Structural brain architectures match intrinsic functional networks and vary across domains: A study from 15000+ individuals

Published on Dec 19, 2019in bioRxiv
· DOI :10.1101/2019.12.17.879502
Na Luo2
Estimated H-index: 2
(CAS: Chinese Academy of Sciences),
Jing Sui31
Estimated H-index: 31
(CAS: Chinese Academy of Sciences)
+ 13 AuthorsVince D. Calhoun2
Estimated H-index: 2
(Georgia Institute of Technology)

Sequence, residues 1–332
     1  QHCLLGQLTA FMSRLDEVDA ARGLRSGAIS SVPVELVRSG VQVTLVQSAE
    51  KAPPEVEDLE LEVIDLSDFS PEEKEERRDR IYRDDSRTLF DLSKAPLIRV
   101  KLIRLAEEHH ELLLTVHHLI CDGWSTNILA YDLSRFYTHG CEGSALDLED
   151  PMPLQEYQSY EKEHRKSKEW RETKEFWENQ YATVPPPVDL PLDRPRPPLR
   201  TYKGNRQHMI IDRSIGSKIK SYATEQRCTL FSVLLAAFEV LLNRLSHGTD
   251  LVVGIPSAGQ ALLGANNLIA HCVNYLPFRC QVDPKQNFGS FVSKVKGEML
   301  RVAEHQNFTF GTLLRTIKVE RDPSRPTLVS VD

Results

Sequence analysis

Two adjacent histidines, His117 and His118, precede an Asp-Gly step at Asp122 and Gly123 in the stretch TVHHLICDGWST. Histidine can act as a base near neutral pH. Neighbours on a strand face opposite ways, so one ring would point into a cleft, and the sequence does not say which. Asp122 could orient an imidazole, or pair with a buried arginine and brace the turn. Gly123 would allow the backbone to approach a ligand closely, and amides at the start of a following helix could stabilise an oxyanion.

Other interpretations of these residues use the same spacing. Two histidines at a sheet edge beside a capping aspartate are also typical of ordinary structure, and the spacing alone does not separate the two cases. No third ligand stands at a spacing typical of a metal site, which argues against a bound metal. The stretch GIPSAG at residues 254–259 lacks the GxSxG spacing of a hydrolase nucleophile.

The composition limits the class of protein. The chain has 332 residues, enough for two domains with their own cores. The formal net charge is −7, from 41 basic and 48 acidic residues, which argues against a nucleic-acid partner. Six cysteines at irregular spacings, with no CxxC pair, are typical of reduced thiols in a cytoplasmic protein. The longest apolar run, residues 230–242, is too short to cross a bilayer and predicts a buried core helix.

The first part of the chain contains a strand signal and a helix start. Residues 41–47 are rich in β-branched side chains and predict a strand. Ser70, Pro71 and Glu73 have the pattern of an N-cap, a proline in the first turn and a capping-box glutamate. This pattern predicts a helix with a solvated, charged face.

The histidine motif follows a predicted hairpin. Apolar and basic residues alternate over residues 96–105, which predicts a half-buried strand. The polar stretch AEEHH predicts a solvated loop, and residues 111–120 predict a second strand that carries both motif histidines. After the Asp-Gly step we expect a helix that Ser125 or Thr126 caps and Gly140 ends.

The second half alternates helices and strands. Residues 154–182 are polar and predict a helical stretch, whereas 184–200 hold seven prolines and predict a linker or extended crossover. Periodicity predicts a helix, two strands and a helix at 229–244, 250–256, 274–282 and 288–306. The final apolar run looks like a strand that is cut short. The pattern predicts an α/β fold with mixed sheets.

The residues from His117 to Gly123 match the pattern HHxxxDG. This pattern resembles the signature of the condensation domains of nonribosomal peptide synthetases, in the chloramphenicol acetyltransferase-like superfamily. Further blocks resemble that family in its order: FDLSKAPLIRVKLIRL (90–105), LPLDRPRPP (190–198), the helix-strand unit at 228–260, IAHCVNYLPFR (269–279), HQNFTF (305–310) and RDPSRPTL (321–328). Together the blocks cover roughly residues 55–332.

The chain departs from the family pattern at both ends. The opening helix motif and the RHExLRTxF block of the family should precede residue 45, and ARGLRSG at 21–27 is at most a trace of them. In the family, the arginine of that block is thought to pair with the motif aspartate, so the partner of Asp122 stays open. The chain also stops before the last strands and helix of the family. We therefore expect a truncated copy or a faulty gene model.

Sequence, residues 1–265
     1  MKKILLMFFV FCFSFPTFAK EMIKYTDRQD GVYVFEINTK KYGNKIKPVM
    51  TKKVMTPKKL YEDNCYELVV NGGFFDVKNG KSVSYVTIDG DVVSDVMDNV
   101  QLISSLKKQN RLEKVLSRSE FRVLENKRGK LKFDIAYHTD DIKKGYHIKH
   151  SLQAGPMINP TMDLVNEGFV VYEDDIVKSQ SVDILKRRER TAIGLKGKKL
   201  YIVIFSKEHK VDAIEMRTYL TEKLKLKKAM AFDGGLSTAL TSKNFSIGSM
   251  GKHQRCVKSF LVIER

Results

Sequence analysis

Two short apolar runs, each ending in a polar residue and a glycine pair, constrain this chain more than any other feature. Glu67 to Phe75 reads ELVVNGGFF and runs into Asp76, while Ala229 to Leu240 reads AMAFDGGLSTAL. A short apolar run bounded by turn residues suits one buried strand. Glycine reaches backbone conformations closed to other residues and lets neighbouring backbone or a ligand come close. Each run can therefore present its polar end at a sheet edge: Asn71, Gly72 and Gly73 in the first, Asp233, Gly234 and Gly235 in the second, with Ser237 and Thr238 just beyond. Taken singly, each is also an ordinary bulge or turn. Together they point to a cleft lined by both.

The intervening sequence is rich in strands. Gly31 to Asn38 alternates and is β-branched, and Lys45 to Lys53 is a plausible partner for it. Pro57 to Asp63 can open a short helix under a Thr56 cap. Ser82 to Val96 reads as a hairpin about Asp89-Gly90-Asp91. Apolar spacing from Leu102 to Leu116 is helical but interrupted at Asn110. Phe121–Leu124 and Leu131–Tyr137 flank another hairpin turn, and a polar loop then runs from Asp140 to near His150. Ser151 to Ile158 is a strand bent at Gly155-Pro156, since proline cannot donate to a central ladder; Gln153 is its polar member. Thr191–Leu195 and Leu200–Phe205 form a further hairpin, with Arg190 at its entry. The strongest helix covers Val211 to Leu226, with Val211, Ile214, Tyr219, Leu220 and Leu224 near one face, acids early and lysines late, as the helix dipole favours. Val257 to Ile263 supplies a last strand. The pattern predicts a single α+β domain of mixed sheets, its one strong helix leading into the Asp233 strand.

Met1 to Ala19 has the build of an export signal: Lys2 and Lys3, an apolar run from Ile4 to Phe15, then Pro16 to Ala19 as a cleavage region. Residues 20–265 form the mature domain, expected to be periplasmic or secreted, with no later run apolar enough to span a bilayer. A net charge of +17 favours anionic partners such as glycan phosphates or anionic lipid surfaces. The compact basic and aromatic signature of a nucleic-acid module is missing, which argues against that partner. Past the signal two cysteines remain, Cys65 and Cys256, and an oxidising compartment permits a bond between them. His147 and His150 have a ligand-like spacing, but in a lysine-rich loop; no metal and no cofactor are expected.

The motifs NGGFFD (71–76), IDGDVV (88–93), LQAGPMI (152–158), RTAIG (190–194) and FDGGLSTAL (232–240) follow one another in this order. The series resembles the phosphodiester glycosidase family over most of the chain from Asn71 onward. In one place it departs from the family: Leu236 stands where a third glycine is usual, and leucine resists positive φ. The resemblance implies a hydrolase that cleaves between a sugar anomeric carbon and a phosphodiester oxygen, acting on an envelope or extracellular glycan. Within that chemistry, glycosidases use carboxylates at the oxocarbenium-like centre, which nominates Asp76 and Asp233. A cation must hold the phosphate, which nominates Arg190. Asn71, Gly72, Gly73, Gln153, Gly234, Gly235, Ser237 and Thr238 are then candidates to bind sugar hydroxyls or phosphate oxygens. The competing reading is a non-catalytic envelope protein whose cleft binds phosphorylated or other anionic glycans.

Brain structural networks have been shown to consistently organize in functionally meaningful architectures covering the entire brain. However, to what extent brain structural architectures match the intrinsic functional networks in different functional domains remains under explored. In this study, based on independent component analysis, we revealed 45 pairs of structural-functional (S-F) component maps, distributing across 9 functional domains, in both a discovery cohort (n=6005) and a replication cohort (UK Biobank, n=9214), providing a well-match multimodal spatial map template for public use. Further network module analysis suggested that unimodal cortical areas (e.g. somatomotor and visual networks) indicate higher S-F coherence, while heteromodal association cortices, especially the frontoparietal network (FPN), exhibit more S-F divergence. Collectively, these results suggest that the expanding and maturing brain association cortex demonstrates a higher degree of change compared to unimodal cortex, which may lead to higher inter-individual variability and lower S-F coherence.
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